Have you ever been one to think, “I just don’t get much out of the Mass.” “Why can’t Jesus just walk on earth today with us?” “Where are the signs that God even exists?”
I think if we are honest with ourselves, no matter how holy we are or how many daily rosaries we recite, we have probably at one point or another had trouble with some aspect of faith. I know I have. The faith can be hard sometimes because we want assurance and proof of the things we believe. Even the Church admits this fact. In the Tantum Ergo, the song we sing during adoration, we hear, “Faith will tell us Christ is present when our human senses fail.” Mother Church, in all of her wisdom, knows that The Faith is hard to believe at times.
It was hard to believe during the time of the prophet Jonah as well. In the first reading, we hear of a land that has given themselves over to sin; their faith has weakened them to the point that they no longer believe they need God. They treat him as a distant being that doesn’t care if he exists at all, and they persist in their sinful ways. We all know the story of Jonah. He is swallowed by the whale because he doubts God, and then is spit out and goes to preach to the Ninevites about the power of God. He is the sign that allows them to break their sinful ways and turn to the Lord.
Fast forward to today. Remember when I asked if we have ever struggled with doubt? Well, the reality of the Gospel today is that we don’t have Jonah as a sign, we have Christ himself. Christ literally walked this earth, ate food, played with friends, built things with his hands, and ultimately died on a cross for us. The historical evidence for Jesus is staggering, but beyond that, he promised to stay with us in the Eucharist. If a story about a fish was enough for the Ninevites to turn from their sinful ways, what are we waiting for? We have Christ himself. We have the one that Jonah could only prophesy about.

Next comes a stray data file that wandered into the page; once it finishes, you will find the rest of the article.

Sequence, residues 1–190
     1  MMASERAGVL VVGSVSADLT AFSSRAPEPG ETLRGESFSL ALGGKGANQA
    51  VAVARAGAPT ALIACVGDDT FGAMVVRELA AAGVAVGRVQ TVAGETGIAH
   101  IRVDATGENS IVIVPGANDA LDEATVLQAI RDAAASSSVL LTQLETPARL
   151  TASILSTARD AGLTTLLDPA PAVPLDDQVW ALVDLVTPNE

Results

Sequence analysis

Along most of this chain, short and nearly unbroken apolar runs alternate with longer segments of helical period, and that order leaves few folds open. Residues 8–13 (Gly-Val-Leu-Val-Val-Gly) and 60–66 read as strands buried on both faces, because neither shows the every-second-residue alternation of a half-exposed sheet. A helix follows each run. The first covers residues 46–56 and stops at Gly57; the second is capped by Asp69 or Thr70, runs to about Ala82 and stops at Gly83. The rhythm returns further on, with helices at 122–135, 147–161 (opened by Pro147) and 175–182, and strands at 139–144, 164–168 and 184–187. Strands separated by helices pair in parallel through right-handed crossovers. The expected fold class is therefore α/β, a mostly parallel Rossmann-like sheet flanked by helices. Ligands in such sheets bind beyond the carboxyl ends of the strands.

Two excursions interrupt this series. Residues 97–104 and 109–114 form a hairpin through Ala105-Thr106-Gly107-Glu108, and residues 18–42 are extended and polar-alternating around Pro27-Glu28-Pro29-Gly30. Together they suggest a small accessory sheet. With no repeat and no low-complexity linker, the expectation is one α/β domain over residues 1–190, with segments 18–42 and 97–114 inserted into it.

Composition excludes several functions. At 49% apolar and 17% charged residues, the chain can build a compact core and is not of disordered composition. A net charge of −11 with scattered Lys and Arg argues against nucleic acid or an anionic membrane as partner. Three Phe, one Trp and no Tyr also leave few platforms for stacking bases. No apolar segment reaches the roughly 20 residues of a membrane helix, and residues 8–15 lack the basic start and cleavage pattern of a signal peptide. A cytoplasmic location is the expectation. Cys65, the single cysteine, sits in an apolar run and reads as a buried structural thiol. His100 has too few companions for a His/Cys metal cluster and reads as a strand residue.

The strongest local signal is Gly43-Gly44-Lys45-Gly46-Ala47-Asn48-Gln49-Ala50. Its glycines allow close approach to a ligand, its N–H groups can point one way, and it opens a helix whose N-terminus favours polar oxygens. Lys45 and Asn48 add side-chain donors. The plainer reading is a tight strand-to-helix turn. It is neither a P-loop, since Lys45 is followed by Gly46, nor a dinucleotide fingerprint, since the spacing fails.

The faith can be difficult to believe at times because of our own weakness, but it’s in times like these that we should lean all the more on Christ. We should ask for the grace of faith. We should ask for a faith that is able to move mountains. And when this faith is given, our personal faith comes alive. Not because we heard a story about a fish, or a kid slaying a giant, or man being healed, but because we have experienced the Lord. We have felt him. We have touched him, and he has touched our hearts. I encourage you during this Lenten season, to allow Jesus to be the sign that transforms you and turns you from your sinful ways. God Bless and know of my prayers for you.
Tommy Shultz is Director of Evangelization for the North Allegan Catholic Collaborative and the founder of Rodzinka Ministries. In these roles, he is committed to bringing all those he meets into a deeper relationship with Christ. Tommy has a heart and a flair for inspiring people to live their faith every day. He has worked in various youth ministry, adult ministry, and diocesan roles. He has been a featured speaker at retreats and events across the country. His mission and drive have been especially inspired by St. John Paul II’s teachings. Tommy is blessed to be able to learn from the numerous parishes he visits and pass that experience on in his presentations. With a degree in Theology from Franciscan University, Tommy hopes to use his knowledge to help all people understand the beauty of The Faith.